Things were not always so easy in their acquaintance. One day, probably in the 1850s, Dubois walked home from Mr. Lincoln’s law office. Mr. Lincoln had been sent out to buy some meat for breakfast. When the two men arrived at the Lincoln home, Mrs. Lincoln became “enraged” at the meat Mr. Lincoln had purchased. Dubois reported that Mrs. Lincoln “abused [her husband] outrageously and finally was so made [sic] she struck him in the face.” Mr. Lincoln rubbed the blood off and walked out with Dubois.22
- Alonzo Rothschild, Lincoln, Master of Men: A Study in Character, p. 59.
- Henry C. Whitney, Life on the Circuit, p. 77-78.
- Douglas L. Wilson and Rodney O. Davis, editor, Herndon’s Informants, p. 718-719 (William H. Herndon interview with Jesse K. Dubois, December 1, 1888).
- Rufus Rockwell Wilson, editor, Lincoln Among His Friends: A Sheaf of Intimate Memories, p. 97 (Fred T. Dubois, New York Tribune, February 12, 1927).
- Roy P. Basler, editor, The Collected Works of Abraham Lincoln, Volume II, p. 414 (Letter to Jesse K. Dubois, September 13, 1857).
- Douglas L. Wilson and Rodney O. Davis, editor, Herndon’s Informants, p. 441-442 (William H. Herndon interview with Jesse K. Dubois, ca. 1865-1866).
- Roy P. Basler, editor, The Collected Works of Abraham Lincoln, Volume III, (Letter from Ozias M. Hatch, Abraham Lincoln and Jesse K. Dubois to Newton Bateman, November 20, 1858).
- Abraham Lincoln Papers at the Library of Congress. Transcribed and Annotated by the Lincoln Studies Center, Knox College. Galesburg, Illinois. (Telegram from Jesse K Dubois and David Davis, May 15, 1860).
- Abraham Lincoln Papers at the Library of Congress. Transcribed and Annotated by the Lincoln Studies Center, Knox College. Galesburg, Illinois. (Telegram from Jesse K Dubois, May 14, 1860).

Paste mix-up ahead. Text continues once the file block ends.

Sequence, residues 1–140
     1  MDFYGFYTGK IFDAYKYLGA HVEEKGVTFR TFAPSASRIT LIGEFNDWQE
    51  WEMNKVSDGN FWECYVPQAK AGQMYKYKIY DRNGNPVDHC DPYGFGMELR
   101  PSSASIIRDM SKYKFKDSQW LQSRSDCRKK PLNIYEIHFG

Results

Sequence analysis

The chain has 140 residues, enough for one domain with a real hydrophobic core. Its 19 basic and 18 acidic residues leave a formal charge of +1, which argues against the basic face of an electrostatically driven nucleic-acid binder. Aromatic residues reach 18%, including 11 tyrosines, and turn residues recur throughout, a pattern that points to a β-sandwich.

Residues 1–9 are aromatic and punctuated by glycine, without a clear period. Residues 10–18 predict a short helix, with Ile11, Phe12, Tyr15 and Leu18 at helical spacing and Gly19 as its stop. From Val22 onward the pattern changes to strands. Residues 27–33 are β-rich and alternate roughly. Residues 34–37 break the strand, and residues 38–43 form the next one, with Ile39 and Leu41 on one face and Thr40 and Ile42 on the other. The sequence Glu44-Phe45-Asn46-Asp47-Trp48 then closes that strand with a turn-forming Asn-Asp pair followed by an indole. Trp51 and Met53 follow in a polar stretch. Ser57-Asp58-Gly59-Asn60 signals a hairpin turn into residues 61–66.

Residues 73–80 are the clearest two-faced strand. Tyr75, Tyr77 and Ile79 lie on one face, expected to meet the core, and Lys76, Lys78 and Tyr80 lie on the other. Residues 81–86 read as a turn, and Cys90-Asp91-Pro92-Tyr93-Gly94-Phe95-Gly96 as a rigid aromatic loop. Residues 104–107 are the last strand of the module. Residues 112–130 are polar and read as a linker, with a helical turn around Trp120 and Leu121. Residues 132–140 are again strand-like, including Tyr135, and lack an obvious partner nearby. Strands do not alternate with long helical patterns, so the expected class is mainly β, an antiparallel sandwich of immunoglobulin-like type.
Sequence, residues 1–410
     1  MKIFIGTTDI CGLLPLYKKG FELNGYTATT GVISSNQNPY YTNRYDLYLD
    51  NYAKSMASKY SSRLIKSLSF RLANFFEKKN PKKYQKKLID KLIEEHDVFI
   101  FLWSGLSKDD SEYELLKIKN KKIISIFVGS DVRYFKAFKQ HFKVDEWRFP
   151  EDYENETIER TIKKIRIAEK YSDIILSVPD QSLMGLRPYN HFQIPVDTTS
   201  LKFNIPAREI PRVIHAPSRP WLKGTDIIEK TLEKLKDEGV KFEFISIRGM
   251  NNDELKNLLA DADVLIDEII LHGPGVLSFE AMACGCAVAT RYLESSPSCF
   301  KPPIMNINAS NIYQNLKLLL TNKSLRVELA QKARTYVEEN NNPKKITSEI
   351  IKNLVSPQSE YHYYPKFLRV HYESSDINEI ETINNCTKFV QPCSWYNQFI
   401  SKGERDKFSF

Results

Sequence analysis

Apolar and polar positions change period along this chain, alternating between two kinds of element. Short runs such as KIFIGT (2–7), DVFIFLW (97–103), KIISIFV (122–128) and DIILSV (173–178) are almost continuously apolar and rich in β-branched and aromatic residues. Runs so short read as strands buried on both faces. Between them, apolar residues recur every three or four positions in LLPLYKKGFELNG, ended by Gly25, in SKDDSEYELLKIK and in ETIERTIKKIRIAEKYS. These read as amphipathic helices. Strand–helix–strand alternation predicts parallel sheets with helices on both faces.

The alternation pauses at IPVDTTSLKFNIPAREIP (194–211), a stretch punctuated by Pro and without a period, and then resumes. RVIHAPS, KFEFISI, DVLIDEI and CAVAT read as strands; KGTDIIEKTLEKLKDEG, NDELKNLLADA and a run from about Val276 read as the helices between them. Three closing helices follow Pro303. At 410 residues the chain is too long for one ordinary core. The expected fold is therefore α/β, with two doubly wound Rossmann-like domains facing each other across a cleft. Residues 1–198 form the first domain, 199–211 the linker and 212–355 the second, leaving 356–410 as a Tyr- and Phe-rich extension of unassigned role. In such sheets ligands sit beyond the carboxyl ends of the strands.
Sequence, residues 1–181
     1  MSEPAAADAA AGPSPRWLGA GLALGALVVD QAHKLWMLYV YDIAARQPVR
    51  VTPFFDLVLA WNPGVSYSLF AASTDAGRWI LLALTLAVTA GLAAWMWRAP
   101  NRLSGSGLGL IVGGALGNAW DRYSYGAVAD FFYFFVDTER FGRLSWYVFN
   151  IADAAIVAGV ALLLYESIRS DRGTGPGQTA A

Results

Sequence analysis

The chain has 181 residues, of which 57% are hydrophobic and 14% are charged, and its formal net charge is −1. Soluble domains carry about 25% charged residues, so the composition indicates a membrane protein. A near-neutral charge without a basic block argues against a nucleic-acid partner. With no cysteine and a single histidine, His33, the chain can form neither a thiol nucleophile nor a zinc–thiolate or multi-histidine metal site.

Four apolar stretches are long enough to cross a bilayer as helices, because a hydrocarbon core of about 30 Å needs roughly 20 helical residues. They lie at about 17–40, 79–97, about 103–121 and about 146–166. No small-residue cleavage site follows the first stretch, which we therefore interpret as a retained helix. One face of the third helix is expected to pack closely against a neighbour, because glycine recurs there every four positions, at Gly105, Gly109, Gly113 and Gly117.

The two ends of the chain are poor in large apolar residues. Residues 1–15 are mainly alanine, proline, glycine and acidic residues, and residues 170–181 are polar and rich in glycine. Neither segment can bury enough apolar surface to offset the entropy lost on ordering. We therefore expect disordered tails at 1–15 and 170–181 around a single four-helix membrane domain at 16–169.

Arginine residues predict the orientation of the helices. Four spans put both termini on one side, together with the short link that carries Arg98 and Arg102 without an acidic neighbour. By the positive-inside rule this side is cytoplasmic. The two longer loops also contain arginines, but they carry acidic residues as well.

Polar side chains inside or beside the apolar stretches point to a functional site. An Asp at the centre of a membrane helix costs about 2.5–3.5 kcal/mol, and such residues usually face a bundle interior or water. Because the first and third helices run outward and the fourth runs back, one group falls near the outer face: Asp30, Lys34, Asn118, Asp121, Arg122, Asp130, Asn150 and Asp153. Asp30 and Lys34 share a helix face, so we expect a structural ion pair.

- Rufus Rockwell Wilson, editor, Intimate Memories of Lincoln, p. 323 (Samuel R. Weed, New York Times, February 14, 1932).
- Paul Simon, Lincoln’s Preparation for Greatness, p. 294.
- Michael Burlingame, Abraham Lincoln: A Life, Volume II, p. 85.
- Abraham Lincoln Papers at the Library of Congress. Transcribed and Annotated by the Lincoln Studies Center, Knox College. Galesburg, Illinois (Letter from Jesse K. Dubois to Abraham Lincoln, Wednesday, March 27, 1861).
- William E. Barton, Abraham Lincoln and Walt Whitman, p. 115-116.
- Michael Burlingame, editor, With Lincoln in the White House: Letters, Memoranda, and Other Writings of John G. Nicolay, 1860-1865, p. 198.
- Douglas L. Wilson and Rodney O. Davis, editor, Herndon’s Informants, p. 442 (Jesse Dubois interview with William H. Herndon, ca 1865-1866).
- Douglas L. Wilson and Rodney O. Davis, editor, Herndon’s Informants, p. 620 (Letter from Jesse K. Dubois to Henry C. Whitney, April 6, 1865).
- Mark A. Plummer, Richard J. Oglesby, Lincoln’s Rail-Splitter, p. 94.
- Michael Burlingame, The Inner World of Abraham Lincoln, p. 284.
- Justin G. Turner and Linda Levitt Turner, editor, Mary Todd Lincoln: Her Life and Letters, p. 55 (Letter from Mary Todd Lincoln to Hannah Shearer, April 24, 1859).
- Thomas F. Schwartz and Kim M. Bauer, “Unpublished Mary Todd Lincoln”, Journal of the Abraham Lincoln Association, Summer 1996, p. 15 (Letter from Mary Todd Lincoln to Jesse Kilgore Dubois, July 26, 1868).
- Douglas L. Wilson and Rodney O. Davis, editor, Herndon’s Informants, p. 692 (Jesse Dubois interview with William H. Herndon, ca. 1883-89).